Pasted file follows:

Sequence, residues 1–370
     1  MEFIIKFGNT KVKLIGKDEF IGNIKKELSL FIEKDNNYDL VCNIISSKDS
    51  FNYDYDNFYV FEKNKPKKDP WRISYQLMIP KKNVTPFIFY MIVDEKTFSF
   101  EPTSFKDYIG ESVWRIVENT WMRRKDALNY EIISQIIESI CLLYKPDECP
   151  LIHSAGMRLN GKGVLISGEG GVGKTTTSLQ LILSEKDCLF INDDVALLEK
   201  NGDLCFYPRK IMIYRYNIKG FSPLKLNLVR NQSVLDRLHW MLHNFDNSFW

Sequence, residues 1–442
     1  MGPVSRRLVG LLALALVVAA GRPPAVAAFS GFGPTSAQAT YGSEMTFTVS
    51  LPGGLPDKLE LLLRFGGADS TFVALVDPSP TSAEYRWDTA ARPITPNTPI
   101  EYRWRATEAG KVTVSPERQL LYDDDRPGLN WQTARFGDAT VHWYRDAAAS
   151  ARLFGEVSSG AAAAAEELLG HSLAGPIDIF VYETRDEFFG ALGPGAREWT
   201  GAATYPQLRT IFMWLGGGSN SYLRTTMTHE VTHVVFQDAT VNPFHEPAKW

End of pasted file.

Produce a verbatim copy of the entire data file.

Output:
Sequence, residues 1–370
     1  MEFIIKFGNT KVKLIGKDEF IGNIKKELSL FIEKDNNYDL VCNIISSKDS
    51  FNYDYDNFYV FEKNKPKKDP WRISYQLMIP KKNVTPFIFY MIVDEKTFSF
   101  EPTSFKDYIG ESVWRIVENT WMRRKDALNY EIISQIIESI CLLYKPDECP
   151  LIHSAGMRLN GKGVLISGEG GVGKTTTSLQ LILSEKDCLF INDDVALLEK
   201  NGDLCFYPRK IMIYRYNIKG FSPLKLNLVR NQSVLDRLHW MLHNFDNSFW

Sequence, residues 1–442
     1  MGPVSRRLVG LLALALVVAA GRPPAVAAFS GFGPTSAQAT YGSEMTFTVS
    51  LPGGLPDKLE LLLRFGGADS TFVALVDPSP TSAEYRWDTA ARPITPNTPI
   101  EYRWRATEAG KVTVSPERQL LYDDDRPGLN WQTARFGDAT VHWYRDAAAS
   151  ARLFGEVSSG AAAAAEELLG HSLAGPIDIF VYETRDEFFG ALGPGAREWT
   201  GAATYPQLRT IFMWLGGGSN SYLRTTMTHE VTHVVFQDAT VNPFHEPAKW